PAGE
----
Life, Leadership and Business

Saturday, 18 July 2015

Always Communicating


My mother has the gift of the gab. She always has an answer regardless of the situation. Sometimes these are funny chirps, but most often they are comments with a bit of zing in them. Yet strangely, it is when she remains silent in a situation that she communicated the loudest of all.
The seventh statement in our beliefs of excellence series is: You cannot not communicate! Yes, I know! It has a double negative in the sentence. But for a moment imagine my 4 foot 8 inch tall Scottish mother, hand on hip, evil angry glint in her look, silent. Is she saying anything? No! Is she communicating? Oh yes!

I am a firm believer that effective communication is the backbone of every successful functioning organisation, of every team, of every family and of our personal achievement of goals and dreams. Studies show that more than 50% of divorces occur due to poor communication. A management survey revealed that more than 60% of all management problems have their root in poor communication. We have more teens dying in violent acts due to a lack of communication than teens dying from disease. If communication is so fundamental not only to our success, but to our existence, why are we not naturally more proficient in communication?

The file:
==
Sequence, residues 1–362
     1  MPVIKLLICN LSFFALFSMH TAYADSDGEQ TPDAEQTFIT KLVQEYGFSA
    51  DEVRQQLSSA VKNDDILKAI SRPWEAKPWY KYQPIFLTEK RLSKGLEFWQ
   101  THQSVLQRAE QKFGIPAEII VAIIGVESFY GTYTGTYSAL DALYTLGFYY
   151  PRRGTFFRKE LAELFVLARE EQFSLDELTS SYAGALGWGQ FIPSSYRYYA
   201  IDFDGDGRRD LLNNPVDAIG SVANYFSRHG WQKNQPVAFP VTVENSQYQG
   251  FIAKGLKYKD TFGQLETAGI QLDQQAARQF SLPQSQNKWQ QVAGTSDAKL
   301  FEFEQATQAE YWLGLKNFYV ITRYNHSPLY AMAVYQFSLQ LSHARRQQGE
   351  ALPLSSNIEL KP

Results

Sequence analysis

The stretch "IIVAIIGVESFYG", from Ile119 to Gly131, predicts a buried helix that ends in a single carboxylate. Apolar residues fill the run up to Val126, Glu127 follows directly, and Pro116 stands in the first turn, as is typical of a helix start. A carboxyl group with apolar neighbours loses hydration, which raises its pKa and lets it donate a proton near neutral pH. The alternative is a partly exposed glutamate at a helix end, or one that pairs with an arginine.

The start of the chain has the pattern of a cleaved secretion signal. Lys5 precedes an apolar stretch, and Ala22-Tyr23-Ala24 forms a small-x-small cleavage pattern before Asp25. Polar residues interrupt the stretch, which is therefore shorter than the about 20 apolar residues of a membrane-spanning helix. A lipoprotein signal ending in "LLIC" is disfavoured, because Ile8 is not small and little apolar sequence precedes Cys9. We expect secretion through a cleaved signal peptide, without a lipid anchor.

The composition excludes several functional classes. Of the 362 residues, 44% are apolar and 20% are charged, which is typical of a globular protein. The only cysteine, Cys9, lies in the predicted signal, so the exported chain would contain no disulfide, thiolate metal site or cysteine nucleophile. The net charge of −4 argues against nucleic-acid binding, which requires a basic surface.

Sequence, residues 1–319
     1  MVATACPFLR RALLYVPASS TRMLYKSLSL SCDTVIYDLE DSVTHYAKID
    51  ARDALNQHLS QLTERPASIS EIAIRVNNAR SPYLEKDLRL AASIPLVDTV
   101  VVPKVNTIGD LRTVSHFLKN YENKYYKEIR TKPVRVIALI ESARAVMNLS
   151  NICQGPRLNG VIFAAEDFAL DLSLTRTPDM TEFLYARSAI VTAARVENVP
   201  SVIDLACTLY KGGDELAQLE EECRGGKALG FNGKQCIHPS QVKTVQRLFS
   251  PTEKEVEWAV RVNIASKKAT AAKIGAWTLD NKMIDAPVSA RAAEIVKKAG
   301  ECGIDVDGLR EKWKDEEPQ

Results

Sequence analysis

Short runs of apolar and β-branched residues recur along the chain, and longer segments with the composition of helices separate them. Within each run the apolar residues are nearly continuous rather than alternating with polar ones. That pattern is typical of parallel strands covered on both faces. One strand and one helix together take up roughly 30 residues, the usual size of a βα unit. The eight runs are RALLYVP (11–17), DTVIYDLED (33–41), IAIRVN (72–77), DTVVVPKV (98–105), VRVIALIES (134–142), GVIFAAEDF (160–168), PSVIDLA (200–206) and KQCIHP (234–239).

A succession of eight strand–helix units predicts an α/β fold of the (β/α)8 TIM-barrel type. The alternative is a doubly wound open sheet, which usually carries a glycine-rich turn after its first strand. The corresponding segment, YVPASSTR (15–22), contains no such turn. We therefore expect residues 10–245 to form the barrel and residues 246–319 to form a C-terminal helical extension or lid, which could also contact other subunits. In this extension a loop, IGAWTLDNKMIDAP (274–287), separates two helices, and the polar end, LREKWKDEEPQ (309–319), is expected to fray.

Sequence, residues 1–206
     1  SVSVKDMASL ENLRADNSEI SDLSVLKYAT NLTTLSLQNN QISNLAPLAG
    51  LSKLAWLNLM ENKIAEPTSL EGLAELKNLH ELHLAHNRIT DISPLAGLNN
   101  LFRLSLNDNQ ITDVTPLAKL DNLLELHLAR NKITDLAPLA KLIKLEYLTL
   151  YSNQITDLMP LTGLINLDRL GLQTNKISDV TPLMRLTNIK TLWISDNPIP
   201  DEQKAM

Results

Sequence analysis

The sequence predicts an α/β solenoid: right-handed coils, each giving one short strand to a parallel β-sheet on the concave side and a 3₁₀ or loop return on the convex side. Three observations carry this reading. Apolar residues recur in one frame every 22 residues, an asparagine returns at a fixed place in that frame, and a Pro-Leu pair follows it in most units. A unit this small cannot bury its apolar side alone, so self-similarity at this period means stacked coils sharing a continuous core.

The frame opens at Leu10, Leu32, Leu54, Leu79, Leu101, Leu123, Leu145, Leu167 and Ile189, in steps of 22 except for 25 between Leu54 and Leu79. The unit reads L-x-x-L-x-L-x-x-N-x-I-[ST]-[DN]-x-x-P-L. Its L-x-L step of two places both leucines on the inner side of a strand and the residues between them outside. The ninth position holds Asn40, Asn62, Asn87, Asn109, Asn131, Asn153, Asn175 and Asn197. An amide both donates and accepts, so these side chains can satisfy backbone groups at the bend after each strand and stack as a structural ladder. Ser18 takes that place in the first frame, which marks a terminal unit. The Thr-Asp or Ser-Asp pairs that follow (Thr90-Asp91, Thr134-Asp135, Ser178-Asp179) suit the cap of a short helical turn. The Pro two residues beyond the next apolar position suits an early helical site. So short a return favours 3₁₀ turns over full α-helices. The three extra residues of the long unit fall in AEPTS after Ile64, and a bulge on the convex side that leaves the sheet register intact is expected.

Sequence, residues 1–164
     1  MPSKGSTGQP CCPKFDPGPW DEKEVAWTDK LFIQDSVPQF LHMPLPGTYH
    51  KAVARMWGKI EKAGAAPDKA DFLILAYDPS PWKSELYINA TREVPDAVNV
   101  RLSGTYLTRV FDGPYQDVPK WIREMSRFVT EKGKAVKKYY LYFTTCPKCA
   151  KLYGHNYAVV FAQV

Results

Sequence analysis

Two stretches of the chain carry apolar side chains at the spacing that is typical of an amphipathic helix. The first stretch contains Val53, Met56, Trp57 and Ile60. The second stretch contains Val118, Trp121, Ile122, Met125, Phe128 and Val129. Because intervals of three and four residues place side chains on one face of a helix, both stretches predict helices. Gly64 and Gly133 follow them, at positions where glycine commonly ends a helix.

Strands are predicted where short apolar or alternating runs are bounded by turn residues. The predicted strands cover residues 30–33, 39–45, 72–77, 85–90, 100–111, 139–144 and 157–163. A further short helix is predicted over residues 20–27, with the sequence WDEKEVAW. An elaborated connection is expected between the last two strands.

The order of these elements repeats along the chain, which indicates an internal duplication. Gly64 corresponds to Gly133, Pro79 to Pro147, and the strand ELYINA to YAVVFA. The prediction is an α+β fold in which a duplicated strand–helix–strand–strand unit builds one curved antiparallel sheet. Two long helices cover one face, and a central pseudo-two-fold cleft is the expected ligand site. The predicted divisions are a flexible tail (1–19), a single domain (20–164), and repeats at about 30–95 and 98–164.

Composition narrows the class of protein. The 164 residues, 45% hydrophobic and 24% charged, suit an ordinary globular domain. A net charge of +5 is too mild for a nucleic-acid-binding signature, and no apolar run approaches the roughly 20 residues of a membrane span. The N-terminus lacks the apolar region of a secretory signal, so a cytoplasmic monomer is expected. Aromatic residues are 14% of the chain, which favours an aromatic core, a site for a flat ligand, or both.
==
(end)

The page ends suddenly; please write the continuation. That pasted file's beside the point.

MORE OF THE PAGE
There are many factors that lead to our poor communication skills. One of which is the perception we have that we are good communicators. Have you ever said—"I told him exactly what to do, how to do it and when to do it. There is no way he could misunderstand"? We have this concept of our selves that we are great communicators. As message senders, we assume we say what we mean. Yet, when it is left up to others to interpret what we mean, we almost always suffer the consequences.
To add to this preconceived communications skill is the fact that we often use words that have one meaning, and one meaning only. This creates the situation in which we assume that the other person understands correctly, when in reality they do not. Many of the words in our language have multiple meanings. In fact, 500 of the most commonly used words in the English language have more than 14 000 dictionary definitions. So, assuming that the other person is on the same wave-length as you can result in being hazardous to your communication health.

Then there is the—SAY NOTHING—Stance. Understanding that you cannot not communicate will help you understand that every act, every behaviour is a communication of some sort. My mother is aware of this fact, and uses her "no-speaking-heavy-message-look" to great affect. People get a message from us, whether we intentionally communicated that message or not. Understanding verbal and non verbal cues that we ourselves use, give us greater influence in getting the kind of results that we desire from our communication. The responsibility is yours.



 

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